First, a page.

Amy Fischer-Brown and Peter Hansen

Would you like to order heat detection aids through
the intemet? Want to know the latest news about heat
stress in dairy cattle? Maybe you've been meaning to
review the OvSynch protocol, or read some tips to
improve your AI technique. There are a lot of great
websites out there that can help, but who has time to sort
through them all?
Now all you need is one stop at the University of
Florida Dairy Reproduction Cookbook. We've gathered
useful websites about cattle reproduction and put them
together under one cover. Like any good cookbook full
of recipes, the Dairy Reproduction Cookbook offers a
variety of information organized into topics that interest
you, the dairy producer. You will find links related to
artificial insemination, pregnancy diagnosis, and
infertility problems, just to name a few. Content ranges
from informative background articles to instructive
video clips, as well as contact information for
commercial distributors.
Open up the Dairy Reproduction Cookbook today at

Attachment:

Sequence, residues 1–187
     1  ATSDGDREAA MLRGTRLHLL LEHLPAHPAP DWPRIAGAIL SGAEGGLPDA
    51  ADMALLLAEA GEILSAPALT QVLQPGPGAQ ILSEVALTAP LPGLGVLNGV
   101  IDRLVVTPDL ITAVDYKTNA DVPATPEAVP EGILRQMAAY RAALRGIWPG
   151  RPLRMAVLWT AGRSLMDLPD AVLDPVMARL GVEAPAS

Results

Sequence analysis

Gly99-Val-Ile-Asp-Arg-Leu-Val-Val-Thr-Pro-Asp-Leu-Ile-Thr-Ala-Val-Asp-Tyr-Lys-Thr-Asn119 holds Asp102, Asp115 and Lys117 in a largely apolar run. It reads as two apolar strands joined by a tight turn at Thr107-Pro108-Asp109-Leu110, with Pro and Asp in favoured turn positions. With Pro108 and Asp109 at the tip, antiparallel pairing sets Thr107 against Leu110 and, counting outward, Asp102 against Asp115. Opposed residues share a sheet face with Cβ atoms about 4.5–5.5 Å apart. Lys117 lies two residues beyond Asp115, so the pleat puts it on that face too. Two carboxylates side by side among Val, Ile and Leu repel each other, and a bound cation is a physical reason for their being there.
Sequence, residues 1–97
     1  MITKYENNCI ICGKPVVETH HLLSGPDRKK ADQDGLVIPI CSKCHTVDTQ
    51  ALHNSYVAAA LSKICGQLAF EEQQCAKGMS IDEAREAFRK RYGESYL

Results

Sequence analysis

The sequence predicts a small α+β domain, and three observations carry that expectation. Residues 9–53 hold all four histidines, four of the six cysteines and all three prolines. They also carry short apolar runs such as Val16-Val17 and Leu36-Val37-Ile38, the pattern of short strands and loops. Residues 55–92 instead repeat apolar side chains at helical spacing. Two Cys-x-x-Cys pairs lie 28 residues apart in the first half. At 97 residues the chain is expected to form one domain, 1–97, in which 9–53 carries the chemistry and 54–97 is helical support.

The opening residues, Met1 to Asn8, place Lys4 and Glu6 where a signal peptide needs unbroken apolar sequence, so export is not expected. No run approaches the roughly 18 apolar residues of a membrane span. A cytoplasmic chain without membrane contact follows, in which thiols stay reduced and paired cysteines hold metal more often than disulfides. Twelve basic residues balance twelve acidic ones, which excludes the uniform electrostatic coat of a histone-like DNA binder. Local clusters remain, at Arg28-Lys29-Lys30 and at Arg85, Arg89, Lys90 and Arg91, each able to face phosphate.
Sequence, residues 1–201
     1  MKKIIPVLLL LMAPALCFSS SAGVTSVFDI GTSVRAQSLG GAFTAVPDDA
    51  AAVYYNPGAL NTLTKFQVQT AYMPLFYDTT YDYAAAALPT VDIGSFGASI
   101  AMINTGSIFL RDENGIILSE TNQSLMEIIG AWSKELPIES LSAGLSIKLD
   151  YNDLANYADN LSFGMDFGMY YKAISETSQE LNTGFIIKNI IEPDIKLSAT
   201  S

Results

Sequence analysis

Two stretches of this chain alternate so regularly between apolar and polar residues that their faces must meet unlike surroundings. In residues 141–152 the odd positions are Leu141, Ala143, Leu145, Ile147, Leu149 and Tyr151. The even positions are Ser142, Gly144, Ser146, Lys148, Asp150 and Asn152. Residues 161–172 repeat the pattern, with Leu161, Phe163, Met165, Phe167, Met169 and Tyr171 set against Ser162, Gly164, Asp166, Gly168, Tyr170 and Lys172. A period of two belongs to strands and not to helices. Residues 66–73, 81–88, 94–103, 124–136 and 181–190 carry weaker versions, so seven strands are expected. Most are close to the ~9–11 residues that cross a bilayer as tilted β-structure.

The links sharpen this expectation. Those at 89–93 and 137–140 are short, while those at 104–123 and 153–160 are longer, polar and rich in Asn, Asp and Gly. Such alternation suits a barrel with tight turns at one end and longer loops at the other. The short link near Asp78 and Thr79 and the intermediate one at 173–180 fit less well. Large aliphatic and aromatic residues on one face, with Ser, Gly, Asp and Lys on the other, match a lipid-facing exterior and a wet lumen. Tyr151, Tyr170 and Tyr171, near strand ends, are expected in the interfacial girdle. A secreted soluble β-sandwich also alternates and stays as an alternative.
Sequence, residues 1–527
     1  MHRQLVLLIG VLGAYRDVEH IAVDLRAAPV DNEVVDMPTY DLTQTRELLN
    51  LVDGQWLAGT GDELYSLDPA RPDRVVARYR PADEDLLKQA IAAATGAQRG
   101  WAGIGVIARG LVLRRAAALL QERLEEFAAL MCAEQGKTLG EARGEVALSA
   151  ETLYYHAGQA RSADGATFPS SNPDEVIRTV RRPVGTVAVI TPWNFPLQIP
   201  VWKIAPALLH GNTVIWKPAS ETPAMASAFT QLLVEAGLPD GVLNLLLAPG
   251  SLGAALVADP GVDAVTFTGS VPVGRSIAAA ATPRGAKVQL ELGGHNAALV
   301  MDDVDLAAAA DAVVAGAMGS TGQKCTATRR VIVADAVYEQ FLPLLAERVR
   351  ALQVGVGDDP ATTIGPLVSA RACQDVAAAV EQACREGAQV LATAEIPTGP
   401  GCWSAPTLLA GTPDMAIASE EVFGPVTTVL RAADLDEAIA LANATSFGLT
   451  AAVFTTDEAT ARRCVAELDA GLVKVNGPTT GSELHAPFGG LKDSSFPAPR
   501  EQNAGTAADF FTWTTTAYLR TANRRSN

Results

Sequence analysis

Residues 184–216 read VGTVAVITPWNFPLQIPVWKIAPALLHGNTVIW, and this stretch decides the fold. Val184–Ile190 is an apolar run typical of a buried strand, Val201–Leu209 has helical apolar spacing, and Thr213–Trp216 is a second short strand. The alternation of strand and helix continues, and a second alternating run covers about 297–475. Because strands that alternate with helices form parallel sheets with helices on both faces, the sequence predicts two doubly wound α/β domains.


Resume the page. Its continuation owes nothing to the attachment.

http://www.animal.ufl.edu/reproguide. We hope it will
be your herd's online recipe for success!


2005 CORN SILAGE / CONSERVED FORAGE
FIELD DAY: THURSDAY MAY 26

The 2005 Corn Silage / Conserved Forage Field Day
will be held at the UF/IFAS Plant Science Research and
Education Unit, 2256 West Highway 318, Citra, FL on


Thursday May 26 (Phone: (352) 591-2678). The
previous cor silage field days were very successful and
attracted over 250 attendees.


AM
8:00 8:15


2005 Tentative Program

Registration Coffee, donuts, orange juice
and milk


8:15 8:20 Introduction Dr. Jerry Bennett and Dr.
Glen Hembry

Dual presentations (A & B):
8:20 9:10 A Corn and Sorghum Varieties Dr.
Carol Chambliss, Jerry Wasdin and corn
seed representatives
B Corn and Sorghum Management
Decisions that Impact Yield- Dr. David
Wright
9:10 10:00 A Corn and Sorghum Management
Decisions that Impact Yield- Dr. David
Wright
B Corn and Sorghum Varieties Dr.
Carol Chambliss, Jerry Wasdin and corn
seed representatives
10:00 10:30 Break and Exhibit Time (attendees get lunch
tickets from exhibitors)